$ \begin{equation} \label{GrindEQ__17_} K_{2} (t)=-\frac{\beta \, B_{2}^{\rm T} (\varepsilon )P(\varepsilon )X}{\alpha \left\| B_{2}^{\rm T} (\varepsilon )P(\varepsilon )X\right\| } \, \, (\hat{k}_{3} (t)+\left\| K_{1} X\right\| ) \end{equation} $ (19)

where $\alpha $ and $\beta $ are suitable positive constants satisfying (see [24-26])

$ \begin{equation} \label{GrindEQ__18_} \alpha \left\| B_{2}^{\rm T} (\varepsilon )P(\varepsilon )X\right\| ^{2} \le \beta \left\| B_{2}^{\rm T} (\varepsilon )P(\varepsilon )X\sqrt{\rho } \right\| ^{2}. \end{equation} $ (20)

And ${\hat{k}}_3$ is updated using the following adaptive law

$ \begin{equation} \label{GrindEQ__19_} \frac{{\rm d}\hat{k}_{3} (t)}{{\rm d}t} =\varepsilon \, \gamma \left\| X^{\rm T} P(\varepsilon )B_{2} (\varepsilon )\right\| \, \end{equation} $ (21)

where $\gamma $ is an appropriate positive constant and $\varepsilon $ is the singular perturbation parameter. Let ${\tilde{k}}_3(t)={\hat{k}}_3(t)-k_3$, then the update law (21) can be expressed as $\dot{\tilde{k}}_{3} (t)=\varepsilon \, \gamma \left\| X^{\rm T} P(\varepsilon )B_{2} (\varepsilon )\right\| $.

The constant $k_{3}$ is involved in the inequality (27) which will be used later to bound the disturbance.

To solve the fault tolerant control problem (17), Theorem 1 is proposed,

Theorem 1. Consider the system described by (16). Suppose that

1) There exists a singular perturbation parameter ${\varepsilon }^*>0$ such that $(A(\varepsilon), \, B_2(\varepsilon))$ is stabilizable for all $\varepsilon \in \, [0, \, {\varepsilon }^*]$.

2) For any given positive definite symmetric matrix $Q$, there exists a symmetric and positive definite matrix $P(\varepsilon )$ satisfying the following Lyapunov equation

$ \begin{eqnarray} {(A(\varepsilon )+B_{2} (\varepsilon )\, K_{1} )^{\rm T} \, P(\varepsilon )}+\quad\quad\quad \nonumber \\ {P(\varepsilon )\, (A(\varepsilon )+B_{2} (\varepsilon )\, \, K_{1} )=-Q}. \end{eqnarray} $ (22)

3) $K_{1}$ is chosen such that $(A(\varepsilon )+B_{2} (\varepsilon )\, K_{1} )$ is Hurwitz.

There exists ${\varepsilon }^*>0$ such that for every ${\varepsilon \in ]0, \varepsilon }^*]$, the controller described by (18), with the adaptive laws (19) and (21) and the controller gain $K_{1}$, stabilize asymptotically the system (16) subject to actuator fault (15).

Proof. In the light of equations (17) and (18), the closed-loop fault tolerant control system becomes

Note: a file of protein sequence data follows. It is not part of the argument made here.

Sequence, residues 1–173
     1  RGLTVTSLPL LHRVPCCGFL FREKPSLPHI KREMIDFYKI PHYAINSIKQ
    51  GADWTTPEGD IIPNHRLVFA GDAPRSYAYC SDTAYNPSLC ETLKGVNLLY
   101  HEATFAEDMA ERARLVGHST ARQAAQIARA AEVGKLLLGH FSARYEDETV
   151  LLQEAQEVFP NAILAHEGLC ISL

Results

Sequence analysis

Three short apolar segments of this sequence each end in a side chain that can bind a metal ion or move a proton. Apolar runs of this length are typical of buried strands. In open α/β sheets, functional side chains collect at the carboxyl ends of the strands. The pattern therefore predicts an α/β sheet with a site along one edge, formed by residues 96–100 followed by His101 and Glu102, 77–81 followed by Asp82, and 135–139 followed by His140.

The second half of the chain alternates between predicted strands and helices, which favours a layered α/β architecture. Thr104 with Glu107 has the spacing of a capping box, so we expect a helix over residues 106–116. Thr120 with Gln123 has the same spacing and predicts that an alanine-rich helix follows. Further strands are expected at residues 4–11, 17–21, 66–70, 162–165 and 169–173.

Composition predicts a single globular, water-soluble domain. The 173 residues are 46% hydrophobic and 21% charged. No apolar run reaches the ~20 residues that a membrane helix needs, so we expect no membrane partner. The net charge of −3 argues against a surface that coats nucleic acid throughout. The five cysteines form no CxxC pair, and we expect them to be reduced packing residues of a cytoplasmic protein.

$ \begin{align} \label{GrindEQ__21_} %\begin{eqnarray} &{\dot{X}(t)=A(\varepsilon )X(t)+B_{2} (\varepsilon )\, F\, w(t)}+\nonumber \\ &\quad\quad\quad {B_{2} (\varepsilon )\, \rho \, K_{1} \, X(t)+\, B_{2} (\varepsilon )\, \rho \, K_{2} (t)} %\end{eqnarray} \end{align} $ (23)

which can be expressed as

$ \begin{align} \label{GrindEQ 22} %\begin{eqnarray} & \dot{X}(t)=(A(\varepsilon)+B_{2}(\varepsilon )\, K_{1} )\, X(t) +B_{2} (\varepsilon )\, F\, w(t)+ \nonumber \\ &\quad\quad\quad B_{2} (\varepsilon )\, (\rho -I)\, K_{1} \, X(t)+\, B_{2} (\varepsilon )\, \rho \, K_{2}(t). %\end{eqnarray} \end{align} $ (24)

For the above mentioned closed-loop system, a Lyapunov function candidate is defined as

$ \begin{equation} \label{GrindEQ__23_} V\left(\varepsilon \right)=X^{\rm T} P(\varepsilon) X+{\varepsilon }^{-1}\ {\gamma }^{-1}{\ \tilde{k}}^2_3\ >0. \end{equation} $ (25)

Then, according to (24) and the above mentioned assumptions (about the disturbances and the Lyapunov function), the time derivative of $V(\varepsilon)$ for $t>0$ is

$ \begin{align} \label{GrindEQ_24} %\begin{split} &\dot{V}(\varepsilon)=X^{\rm T} [(A(\varepsilon )+B_{2}(\varepsilon )\, K_{1})^{\rm T} \, P(\varepsilon ) + \nonumber\\ &\quad\quad\quad P(\varepsilon )\, (A(\varepsilon )+B_{2}(\varepsilon )\, K_{1} )]\, X+2\, \varepsilon ^{-1} \gamma ^{-1} \tilde{k}_{3} \, \dot{\tilde{k}}_{3}+\nonumber \\ &\quad\quad\quad 2\, X^{\rm T} P(\varepsilon )B_{2} (\varepsilon )\, \rho \, K_{2} +2\, X^{\rm T} P(\varepsilon )B_{2} (\varepsilon )\, F\, w+\nonumber \\ &\quad\quad\quad 2X^{\rm T} P(\varepsilon )B_{2} (\varepsilon )\, (\rho -I)K_{1} X. %\end{split} \end{align} $ (26)